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Advances in Interventional Cardiology/Postępy w Kardiologii Interwencyjnej
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vol. 10

To the Editor
Comment on „Left main aneurysm and what’s next?”

Jarosław Meyer-Szary
Robert Sabiniewicz
Krzysztof Sciborski
Konrad Kaaz

Online publish date: 2014/09/11
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We would like to thank the authors of the recently published paper exemplifying a case of coronary artery aneurism [1] for two reasons – firstly, for bringing up a rare and thus unappreciated problem and secondly, for elucidating treatment options and difficult decision making in an acute setting. As paediatricians we have a strong impression that Kawasaki disease (KD) is still an underestimated cause of coronary artery disease, leading to myocardial ischemia (MI), ventricular arrhythmia, and sudden cardiac death (SCD) not only in children but at any age. It is estimated that the annual incidence is ~10 cases per 100,000 white children < 5 years old and 10 times that in the Japanese. In untreated cases it leads to development of coronary artery aneurisms in up to 15–20% and 1.25% of overall mortality. Timely treatment limits both morbidity and mortality 10-fold but the risk cannot be fully eliminated at any time despite apparent recovery from the disease. It was proved that small aneurisms undergo pseudonormalisation of the arterial lumen, yet giant aneurisms persist for lifetime. Tsuda et al. documented a series of 12 patients with a history positive for KD aged 13 months to 27 years who died suddenly 2 months to 24 years after the onset of the disease [2]. Unfortunately, the KD etiologic factor is unknown and the first comprehensive diagnostic and treatment guidelines were published only a decade ago [3]. Moreover, it was only recently accepted that KD can present in atypical form lacking symptoms yet being equally devastating for the arteries [4]. This leads to many delayed or missed diagnoses and an increased risk of unfavourable outcome.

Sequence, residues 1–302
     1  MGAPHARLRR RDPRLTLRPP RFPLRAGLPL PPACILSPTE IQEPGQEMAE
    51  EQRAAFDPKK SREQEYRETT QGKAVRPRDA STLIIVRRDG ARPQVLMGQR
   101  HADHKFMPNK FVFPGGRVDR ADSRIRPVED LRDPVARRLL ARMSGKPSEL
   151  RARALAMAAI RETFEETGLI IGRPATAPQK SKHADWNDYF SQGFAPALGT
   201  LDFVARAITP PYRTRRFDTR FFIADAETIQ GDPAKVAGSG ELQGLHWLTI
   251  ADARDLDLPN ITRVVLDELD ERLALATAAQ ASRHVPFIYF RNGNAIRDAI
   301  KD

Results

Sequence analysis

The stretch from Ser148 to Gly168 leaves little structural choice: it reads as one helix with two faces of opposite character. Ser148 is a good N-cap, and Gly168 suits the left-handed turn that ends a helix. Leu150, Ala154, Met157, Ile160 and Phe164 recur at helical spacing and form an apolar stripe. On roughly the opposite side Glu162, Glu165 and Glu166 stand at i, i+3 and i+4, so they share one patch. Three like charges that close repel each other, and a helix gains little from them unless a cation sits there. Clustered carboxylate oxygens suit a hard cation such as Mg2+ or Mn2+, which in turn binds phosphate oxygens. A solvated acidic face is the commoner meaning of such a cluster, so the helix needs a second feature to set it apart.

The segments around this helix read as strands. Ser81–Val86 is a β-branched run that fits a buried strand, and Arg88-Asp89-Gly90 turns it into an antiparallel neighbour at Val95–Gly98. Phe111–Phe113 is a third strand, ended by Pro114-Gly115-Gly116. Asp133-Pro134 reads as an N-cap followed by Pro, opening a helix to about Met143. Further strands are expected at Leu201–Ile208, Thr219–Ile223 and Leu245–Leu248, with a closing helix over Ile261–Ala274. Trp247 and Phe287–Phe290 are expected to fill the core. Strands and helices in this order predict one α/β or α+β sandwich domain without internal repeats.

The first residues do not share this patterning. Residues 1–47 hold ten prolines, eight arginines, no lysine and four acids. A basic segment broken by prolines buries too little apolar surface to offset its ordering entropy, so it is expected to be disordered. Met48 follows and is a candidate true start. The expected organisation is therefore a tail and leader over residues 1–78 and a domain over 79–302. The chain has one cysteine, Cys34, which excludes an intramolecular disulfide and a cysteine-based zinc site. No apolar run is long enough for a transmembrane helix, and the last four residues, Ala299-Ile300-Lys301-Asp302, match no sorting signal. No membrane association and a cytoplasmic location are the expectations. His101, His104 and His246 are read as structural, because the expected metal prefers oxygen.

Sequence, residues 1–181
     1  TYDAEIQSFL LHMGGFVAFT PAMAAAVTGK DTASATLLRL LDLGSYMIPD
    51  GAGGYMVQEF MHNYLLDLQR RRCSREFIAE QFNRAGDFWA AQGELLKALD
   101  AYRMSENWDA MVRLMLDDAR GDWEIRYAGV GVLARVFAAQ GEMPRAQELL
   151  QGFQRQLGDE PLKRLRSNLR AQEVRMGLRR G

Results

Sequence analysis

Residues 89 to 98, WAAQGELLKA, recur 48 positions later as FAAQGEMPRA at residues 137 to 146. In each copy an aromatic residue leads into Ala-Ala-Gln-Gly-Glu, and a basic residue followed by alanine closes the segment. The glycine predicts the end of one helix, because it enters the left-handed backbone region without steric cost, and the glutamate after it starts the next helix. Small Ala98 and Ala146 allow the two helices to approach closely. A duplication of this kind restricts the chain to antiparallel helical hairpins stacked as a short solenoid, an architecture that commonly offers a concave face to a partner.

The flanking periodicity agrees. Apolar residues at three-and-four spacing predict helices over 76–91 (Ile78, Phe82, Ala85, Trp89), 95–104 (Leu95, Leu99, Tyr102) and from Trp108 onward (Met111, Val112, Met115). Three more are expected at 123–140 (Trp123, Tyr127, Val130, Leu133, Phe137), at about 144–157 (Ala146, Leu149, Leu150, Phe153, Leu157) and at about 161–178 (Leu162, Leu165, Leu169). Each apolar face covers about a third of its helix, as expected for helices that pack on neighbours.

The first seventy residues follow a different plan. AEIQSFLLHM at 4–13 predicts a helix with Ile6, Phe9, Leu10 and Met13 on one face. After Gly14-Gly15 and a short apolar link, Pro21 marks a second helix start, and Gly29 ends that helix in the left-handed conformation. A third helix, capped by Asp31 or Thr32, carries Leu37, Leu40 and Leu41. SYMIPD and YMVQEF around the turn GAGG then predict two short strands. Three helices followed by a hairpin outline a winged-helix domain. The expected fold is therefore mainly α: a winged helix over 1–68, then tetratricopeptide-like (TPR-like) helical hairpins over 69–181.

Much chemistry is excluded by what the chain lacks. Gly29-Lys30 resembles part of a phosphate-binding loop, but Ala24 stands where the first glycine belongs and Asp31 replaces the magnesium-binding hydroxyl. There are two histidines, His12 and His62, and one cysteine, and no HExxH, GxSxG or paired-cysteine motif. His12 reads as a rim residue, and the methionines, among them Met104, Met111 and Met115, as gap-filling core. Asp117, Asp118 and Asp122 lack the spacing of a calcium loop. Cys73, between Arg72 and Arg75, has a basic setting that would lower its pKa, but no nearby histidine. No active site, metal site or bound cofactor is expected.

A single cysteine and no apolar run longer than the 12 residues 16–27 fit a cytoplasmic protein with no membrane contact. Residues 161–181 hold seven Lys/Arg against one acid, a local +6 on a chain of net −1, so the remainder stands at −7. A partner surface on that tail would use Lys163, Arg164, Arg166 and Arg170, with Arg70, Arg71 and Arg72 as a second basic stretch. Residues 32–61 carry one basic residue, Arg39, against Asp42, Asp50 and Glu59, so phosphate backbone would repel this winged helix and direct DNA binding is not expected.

In the presented case of a 64-year-old man, despite a characteristic saccular shape of the aneurism, childhood medical history is unavailable and other causes cannot be easily ruled out. On the other hand, among young adults and children with MI and aneurism, KD is first to blame [5] and a detailed medical history towards KD symptoms should be taken preferably from the parents (Figure 1).


1. Sciborski K, Kaaz K, Drozdz D, et al. Left main aneurysm and what’s next? Postep Kardiol Inter 2014; 10: 57-9.
2. Tsuda E, Arakaki Y, Shimizu T, et al. Changes in causes of sudden deaths by decade in patients with coronary arterial lesions due to Kawasaki disease. Cardiol Young 2005; 15: 481-8.
3. Newburger JW, Takahashi M, Gerber MA, et al. Diagnosis, treatment, and long-term management of Kawasaki disease: a statement for health professionals from the committee on rheumatic fever, endocarditis, and Kawasaki disease, council on cardiovascular disease in the young, American Heart Association. Pediatrics 2004; 114: 1708-33.
4. Manlhiot C, Christie E, McCrindle BW, et al. Complete and incomplete Kawasaki disease: two sides of the same coin. Eur J Pediatr 2012; 171: 657-62. 
5. Kwiatkowska J, Sabiniewicz R. The young man with a stenocardial acute chest pain. Cardiol Young 2011; 21: 223-4.

Jarosław Meyer-Szary MD
Robert Sabiniewicz MD, PhD
Department of Pediatric Cardiology and Congenital Heart Disease
Medical University of Gdansk
3a M. Skłodowskiej-Curie St, 81-210 Gdansk, Poland
Phone: +48 501 768 159
Fax: +48 501 768 159
E-mail: jmeyerszary@gumed.edu.pl

DOI: 10.5114/pwki.2014.45168

Author’s reply

Thank you for your interest of our article. Your comment reveals the range of Kawasaki disease (KD) – a possible cause of aneurysms of the coronary arteries, the first manifestation of which may be sudden cardiac death. In the case of our patient, we cannot unequivocally state or exclude the cause of changes in the coronary arteries; whether KD in childhood or atherosclerosis or KD in his youth with progressive atherosclerosis in adulthood is responsible. A definitive diagnosis can rarely be made in adulthood.
Atypical symptoms and treatment of KD is a huge challenge for paediatricians and paediatric cardiologists; cardiologists and cardiac surgeons deal with complications of the disease in adulthood. What is positive, outcomes of causal and symptomatic treatment are getting better.

Krzysztof Sciborowski MD
Konrad Kaaz MD
Department of Cardiology
Medical University of Wroclaw
213 Borowska St, 50-566 Wrocław, Poland
Phone: +48691523614
E-mail: konrad.kaaz@gmail.com
Copyright: © 2014 Termedia Sp. z o. o. This is an Open Access article distributed under the terms of the Creative Commons Attribution-NonCommercial-ShareAlike 4.0 International (CC BY-NC-SA 4.0) License (http://creativecommons.org/licenses/by-nc-sa/4.0/), allowing third parties to copy and redistribute the material in any medium or format and to remix, transform, and build upon the material, provided the original work is properly cited and states its license.
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